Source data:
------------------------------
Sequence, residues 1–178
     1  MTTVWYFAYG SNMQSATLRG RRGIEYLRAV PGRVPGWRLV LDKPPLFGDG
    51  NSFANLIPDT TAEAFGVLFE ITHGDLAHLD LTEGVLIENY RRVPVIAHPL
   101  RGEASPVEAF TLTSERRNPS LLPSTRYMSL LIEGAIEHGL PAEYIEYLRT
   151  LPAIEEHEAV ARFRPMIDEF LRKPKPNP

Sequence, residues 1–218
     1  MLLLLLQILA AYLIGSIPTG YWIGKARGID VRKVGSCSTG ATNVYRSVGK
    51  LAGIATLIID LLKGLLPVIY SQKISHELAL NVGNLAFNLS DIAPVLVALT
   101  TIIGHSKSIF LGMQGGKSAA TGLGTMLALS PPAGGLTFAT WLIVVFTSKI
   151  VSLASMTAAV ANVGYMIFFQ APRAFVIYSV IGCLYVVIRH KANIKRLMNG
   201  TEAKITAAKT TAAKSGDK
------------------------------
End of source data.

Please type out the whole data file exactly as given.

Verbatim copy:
Sequence, residues 1–178
     1  MTTVWYFAYG SNMQSATLRG RRGIEYLRAV PGRVPGWRLV LDKPPLFGDG
    51  NSFANLIPDT TAEAFGVLFE ITHGDLAHLD LTEGVLIENY RRVPVIAHPL
   101  RGEASPVEAF TLTSERRNPS LLPSTRYMSL LIEGAIEHGL PAEYIEYLRT
   151  LPAIEEHEAV ARFRPMIDEF LRKPKPNP

Sequence, residues 1–218
     1  MLLLLLQILA AYLIGSIPTG YWIGKARGID VRKVGSCSTG ATNVYRSVGK
    51  LAGIATLIID LLKGLLPVIY SQKISHELAL NVGNLAFNLS DIAPVLVALT
   101  TIIGHSKSIF LGMQGGKSAA TGLGTMLALS PPAGGLTFAT WLIVVFTSKI
   151  VSLASMTAAV ANVGYMIFFQ APRAFVIYSV IGCLYVVIRH KANIKRLMNG
   201  TEAKITAAKT TAAKSGDK